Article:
28 Nisan 2011 Perşembe

New Istanbul Canal Project's Ottoman Forefathers

canal (links to original article)

//ed. note: with the very recent announcement of the new canal project
to link the Black and Marmara Seas, some historical perspective is

(Sabah Newspaper, 28 April 2011)

In the event that the KanalIstanbul project to join the Black Sea and the
Marmara materializes then a dream that began during the reign of Sultan
Süleyman and continued for nearly five centuries will have been realized.
Prof. Dr. Said Öztürk, an economics history professor at Yıldız Technical
University, stated that the canal initiative began during Sultan Süleyman's
time and he explained the process as follows:

'The project to join the Black Sea with the Marmara with a canal was on
the agenda of the Ottomans. According to existing information, the project
was attempted seven times. In fact, it is said that The Lawgiver (Süleyman)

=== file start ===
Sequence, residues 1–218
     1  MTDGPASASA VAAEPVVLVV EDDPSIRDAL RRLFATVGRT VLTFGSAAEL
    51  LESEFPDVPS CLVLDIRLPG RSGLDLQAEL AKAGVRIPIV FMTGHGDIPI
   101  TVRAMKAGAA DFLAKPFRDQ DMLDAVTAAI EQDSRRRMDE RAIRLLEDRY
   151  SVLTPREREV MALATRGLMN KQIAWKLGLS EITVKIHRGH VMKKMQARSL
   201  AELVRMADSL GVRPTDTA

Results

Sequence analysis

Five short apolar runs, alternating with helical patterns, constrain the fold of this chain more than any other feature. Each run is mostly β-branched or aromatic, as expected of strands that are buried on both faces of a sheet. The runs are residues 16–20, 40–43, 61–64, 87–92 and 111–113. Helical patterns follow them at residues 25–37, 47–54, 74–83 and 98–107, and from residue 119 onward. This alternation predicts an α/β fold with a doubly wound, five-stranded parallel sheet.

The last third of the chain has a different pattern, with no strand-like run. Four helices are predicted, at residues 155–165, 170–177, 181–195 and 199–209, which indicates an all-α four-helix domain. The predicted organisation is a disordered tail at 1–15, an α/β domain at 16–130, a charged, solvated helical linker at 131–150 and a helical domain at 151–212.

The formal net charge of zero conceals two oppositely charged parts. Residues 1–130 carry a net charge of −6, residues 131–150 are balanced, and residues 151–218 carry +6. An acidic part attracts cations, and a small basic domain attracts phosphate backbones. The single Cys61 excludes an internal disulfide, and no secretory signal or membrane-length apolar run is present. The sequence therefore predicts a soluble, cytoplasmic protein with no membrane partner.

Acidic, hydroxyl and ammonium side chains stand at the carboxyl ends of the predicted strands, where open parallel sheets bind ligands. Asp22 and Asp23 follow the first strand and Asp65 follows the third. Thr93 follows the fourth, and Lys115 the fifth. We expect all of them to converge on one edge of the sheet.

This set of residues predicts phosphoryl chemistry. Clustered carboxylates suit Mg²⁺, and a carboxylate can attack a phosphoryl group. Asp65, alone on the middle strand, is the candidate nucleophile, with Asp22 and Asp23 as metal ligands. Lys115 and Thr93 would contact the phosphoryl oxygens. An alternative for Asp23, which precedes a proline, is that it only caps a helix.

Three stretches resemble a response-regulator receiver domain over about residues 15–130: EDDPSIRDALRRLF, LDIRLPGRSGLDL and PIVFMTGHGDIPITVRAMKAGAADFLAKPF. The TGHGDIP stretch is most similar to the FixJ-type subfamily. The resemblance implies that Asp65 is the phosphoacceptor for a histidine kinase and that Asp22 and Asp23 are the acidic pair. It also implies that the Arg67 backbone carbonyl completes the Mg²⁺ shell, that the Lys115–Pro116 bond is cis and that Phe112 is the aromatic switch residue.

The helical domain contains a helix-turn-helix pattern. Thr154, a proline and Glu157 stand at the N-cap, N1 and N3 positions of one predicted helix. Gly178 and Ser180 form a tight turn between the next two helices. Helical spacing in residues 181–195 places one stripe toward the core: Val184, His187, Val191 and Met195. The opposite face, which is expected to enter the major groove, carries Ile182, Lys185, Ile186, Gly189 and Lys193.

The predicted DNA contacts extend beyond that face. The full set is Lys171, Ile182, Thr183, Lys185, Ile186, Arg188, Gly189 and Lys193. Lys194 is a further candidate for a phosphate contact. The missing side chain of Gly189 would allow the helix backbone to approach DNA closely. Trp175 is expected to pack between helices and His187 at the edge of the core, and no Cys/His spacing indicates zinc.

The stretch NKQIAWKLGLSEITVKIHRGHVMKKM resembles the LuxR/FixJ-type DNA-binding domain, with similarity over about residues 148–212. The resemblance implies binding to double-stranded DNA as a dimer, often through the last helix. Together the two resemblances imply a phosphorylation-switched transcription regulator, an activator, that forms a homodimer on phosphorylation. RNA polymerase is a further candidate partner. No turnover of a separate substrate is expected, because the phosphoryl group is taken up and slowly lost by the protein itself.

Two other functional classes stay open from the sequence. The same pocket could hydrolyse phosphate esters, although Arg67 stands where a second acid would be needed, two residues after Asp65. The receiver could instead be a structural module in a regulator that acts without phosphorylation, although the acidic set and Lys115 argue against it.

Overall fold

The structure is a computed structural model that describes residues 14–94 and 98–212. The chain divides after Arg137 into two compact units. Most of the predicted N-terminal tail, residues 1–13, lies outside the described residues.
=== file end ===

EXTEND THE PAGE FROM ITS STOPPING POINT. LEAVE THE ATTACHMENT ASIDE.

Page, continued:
even had it started. Sokullu Mehmet Paşa was involved with the project and
Mimar Sinan was personally in charge of the endeavor. It is known that it
advanced some 15 kilometers from the (Izmit) Gulf.'

'The second attempt was made in 1591 during the reign of Sultan Murat III
and a ferman (order) was issued in this regard on 6 March 1591. It was
anticipated that this canal would be used by ships at Izmit. The project
came up again in 1654 during the time of Sultan Mehmet IV but again it
could not be pushed forward. Sultan Mustafa III tried twice in 1760 but
was thwarted by financial problems. The project came up again during the
reign of Sultan Mahmud II who put the effort on the agenda once again
after receiving a report on it in 1813. He even assigned a committee.'

'The project was taken up yet again by Sultan Abdülmecid in 1845 and
1857. An order from the Sultan was issued for linking Lake Sapanca
to the Gulf of Izmit and for the Sakarya River to be connected to the
lake. Studies were done by engineers Riter and Hayri Bey for the linking
of Lake Sapanca to the Gulf of Izmit in 1863, during the reign of Sultan
Abdülaziz. The main aim was to ensure a way to transport fuel to meet
the need for heating.'

'Katip Çelebi (Ottoman scholar and writer of the 17th century) wrote
quite a bit about the idea in his Cihannüma (world geographical atlas,
written 1648, 1654). There was also a project to connect the Black
and Caspian Seas in Ottoman times.'

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